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With Java record being immutable, I don't know how to use them properly in the context of something like a CRUD application.

If we take a very simple example of a "Organization" record:

public record Organization(String id, String name){}

This looks good, its immutable and has all the good stuff built into it.

Now, let's say I want to update the name value, I have been doing the following:

public record Organization(@Id String id, String name){
    public static Organization withNewName(
            final String name, 
            Organization organization
    ) {
        return new Organization(organization.id, name);
    }
}

This is okay, I create a new record with the updated name that I want. I can use this elsewhere in my code:

Organization renamedOrganization = Organization.withNewName("Fancy company", organization);

But this gets out of hand as soon as we have a real world example where the record might have 10, or even 100 different properties. Things get even more crazy as records don't have default values, so when dealing with Lists which are null at initialization.

I've used MapStruct for handling the basic remapping but even this seems like an overkill.

What is the proper design pattern here for working with immutable objects, when they need to be updated so they can be pushed into a databases should I have just stuck with classes and Lombok for database entities?

1 Answer 1

6

Immutable is nice when you're avoiding sharing mutable state across threads. It avoids nasty race conditions. It can also make reasoning about what code will do easier because the state is predictable.

Mutable is nice when you're on one thread and don't care about any of that. It can help you keep your memory footprint from growing by letting you reuse old memory. Mattered much more back in the day when memory was expensive.

It's important to know why things exist so you use them when they're useful and not just because they're there.

That said, using the right style for the job can make your life easier. I don't think static is the way to go here, unless you have some fanatic need to separate the withFoo() methods from the record object. In any case, if you're going to do the .withFoo() thing then do it fluently:

ProductViewModel updatedPVM = oldPVM
    .withId("1")
    .withName("Dohicky")
    .withDescription("A thingamabob")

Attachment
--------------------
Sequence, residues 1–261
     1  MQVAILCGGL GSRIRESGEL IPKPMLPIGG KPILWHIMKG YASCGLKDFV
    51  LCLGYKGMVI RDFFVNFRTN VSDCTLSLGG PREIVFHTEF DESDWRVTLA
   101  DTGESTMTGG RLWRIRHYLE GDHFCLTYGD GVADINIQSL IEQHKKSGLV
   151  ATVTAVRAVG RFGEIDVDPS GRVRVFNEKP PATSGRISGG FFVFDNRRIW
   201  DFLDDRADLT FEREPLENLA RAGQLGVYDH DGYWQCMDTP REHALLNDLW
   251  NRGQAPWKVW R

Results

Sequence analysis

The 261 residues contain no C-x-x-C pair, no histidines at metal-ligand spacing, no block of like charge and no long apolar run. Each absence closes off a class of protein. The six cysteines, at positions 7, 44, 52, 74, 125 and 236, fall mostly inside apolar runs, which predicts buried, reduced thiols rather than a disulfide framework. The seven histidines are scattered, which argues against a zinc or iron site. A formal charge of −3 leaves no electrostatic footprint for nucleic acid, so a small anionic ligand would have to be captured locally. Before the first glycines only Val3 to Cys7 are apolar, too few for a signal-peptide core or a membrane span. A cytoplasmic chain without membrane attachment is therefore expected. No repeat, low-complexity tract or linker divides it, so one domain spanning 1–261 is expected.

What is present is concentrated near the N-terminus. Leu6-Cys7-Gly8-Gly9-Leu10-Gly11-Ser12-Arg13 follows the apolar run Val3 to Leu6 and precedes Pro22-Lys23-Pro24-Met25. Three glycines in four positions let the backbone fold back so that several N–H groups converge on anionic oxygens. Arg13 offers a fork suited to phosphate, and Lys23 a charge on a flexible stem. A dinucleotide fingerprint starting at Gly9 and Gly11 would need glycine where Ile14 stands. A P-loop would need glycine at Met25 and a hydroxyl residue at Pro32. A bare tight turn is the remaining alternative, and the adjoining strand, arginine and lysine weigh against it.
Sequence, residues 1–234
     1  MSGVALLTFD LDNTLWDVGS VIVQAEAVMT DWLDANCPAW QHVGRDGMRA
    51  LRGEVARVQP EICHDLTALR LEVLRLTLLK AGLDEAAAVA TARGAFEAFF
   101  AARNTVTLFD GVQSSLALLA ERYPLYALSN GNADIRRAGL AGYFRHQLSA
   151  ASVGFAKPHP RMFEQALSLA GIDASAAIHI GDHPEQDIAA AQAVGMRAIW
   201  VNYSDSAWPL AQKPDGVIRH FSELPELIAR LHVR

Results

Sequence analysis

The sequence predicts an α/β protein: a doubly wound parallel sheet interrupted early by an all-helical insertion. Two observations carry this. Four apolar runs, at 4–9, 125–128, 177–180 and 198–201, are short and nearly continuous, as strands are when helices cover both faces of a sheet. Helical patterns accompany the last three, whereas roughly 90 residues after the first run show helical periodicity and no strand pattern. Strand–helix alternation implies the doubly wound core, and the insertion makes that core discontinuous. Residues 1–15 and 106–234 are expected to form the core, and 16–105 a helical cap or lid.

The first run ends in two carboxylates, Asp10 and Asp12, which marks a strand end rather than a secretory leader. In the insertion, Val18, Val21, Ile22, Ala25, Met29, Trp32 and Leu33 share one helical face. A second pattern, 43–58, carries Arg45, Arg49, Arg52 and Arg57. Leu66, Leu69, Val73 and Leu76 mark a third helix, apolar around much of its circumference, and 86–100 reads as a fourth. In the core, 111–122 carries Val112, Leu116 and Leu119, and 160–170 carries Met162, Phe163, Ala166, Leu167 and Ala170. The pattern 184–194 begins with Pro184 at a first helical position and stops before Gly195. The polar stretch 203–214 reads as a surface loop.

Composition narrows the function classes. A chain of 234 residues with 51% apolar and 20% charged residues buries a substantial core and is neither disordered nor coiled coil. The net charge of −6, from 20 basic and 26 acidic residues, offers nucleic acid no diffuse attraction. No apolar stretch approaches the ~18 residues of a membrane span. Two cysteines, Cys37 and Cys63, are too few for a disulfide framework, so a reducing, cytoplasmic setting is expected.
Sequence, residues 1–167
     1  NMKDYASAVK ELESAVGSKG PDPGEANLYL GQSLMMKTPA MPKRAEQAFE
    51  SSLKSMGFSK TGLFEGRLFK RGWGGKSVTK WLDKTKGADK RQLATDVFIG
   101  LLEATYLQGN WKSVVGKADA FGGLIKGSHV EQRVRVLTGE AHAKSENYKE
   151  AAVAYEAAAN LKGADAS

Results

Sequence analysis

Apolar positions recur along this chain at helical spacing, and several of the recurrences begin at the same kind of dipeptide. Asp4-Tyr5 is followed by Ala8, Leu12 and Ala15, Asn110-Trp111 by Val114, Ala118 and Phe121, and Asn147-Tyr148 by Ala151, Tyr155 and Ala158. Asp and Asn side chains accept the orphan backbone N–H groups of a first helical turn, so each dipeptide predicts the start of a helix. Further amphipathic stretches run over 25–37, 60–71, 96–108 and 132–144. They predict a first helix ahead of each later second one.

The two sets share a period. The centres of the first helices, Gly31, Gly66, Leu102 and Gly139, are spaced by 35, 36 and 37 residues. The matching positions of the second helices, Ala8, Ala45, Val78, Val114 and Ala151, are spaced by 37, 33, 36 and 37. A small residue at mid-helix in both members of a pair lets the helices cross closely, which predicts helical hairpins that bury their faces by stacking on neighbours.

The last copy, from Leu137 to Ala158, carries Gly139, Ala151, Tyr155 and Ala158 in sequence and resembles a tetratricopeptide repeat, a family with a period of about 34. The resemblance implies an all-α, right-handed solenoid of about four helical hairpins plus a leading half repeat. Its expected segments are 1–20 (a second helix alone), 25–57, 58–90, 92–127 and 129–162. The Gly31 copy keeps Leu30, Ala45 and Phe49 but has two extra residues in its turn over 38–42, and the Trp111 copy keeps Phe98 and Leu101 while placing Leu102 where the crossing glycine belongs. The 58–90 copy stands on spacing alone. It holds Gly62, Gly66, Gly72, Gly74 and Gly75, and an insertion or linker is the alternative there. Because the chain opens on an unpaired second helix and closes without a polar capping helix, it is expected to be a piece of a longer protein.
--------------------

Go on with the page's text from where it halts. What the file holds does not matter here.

;

That updates multiple fields with a reasonable expression. But this is still Java so you still need the boiler plate code.

public record ProductViewModel(
        String id,
        String name, 
        String description,
        int price
) {

    public ProductViewModel withId(String id) {
        return new ProductViewModel(id, name(), description(), price());
    }

    public ProductViewModel withName(String name) {
        return new ProductViewModel(id(), name, description(), price());
    }

    public ProductViewModel withDescription(String description) {
        return new ProductViewModel(id(), name(), description, price());
    }

    public ProductViewModel withPrice(int price) {
        return new ProductViewModel(id(), name(), description(), price);
    }
} 

See: Set value to one of the property in Java 15 record

Is this the fastest way to build a new immutable record from an old one? No. Does it avoid creating a mutable class that is a duplicate of the record? Yes.

So yeah, Lomboks @builder on a class can save you some keyboard typing here. Boiler plate code is not fun. But I see no reason that someday you wouldn't be able to throw @builder on a record as well.

I know price was originally a float in the linked code but I just can't perpetuate that in a world of base 10 money.

That's just one way to skin this cat. You can find a decent round up of other ways here, each with it's own benefits and costs. Use the one that supports the things you care about.

Scrap all this if Java ever breaks down and finally gives us named parameters so we can stop simulating them.

As for 100 properties, be sure you really need static knowledge of every property in your app before you spread knowledge of them. You can spare yourself a lot of pain by sticking to your immediate needs. Blindly duping the DB can eat up precious time and lock down things you didn’t even care about.

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  • I would add that we are most likely going to get "Withers" in the alternatives section of this answer. Feb 4 at 4:59

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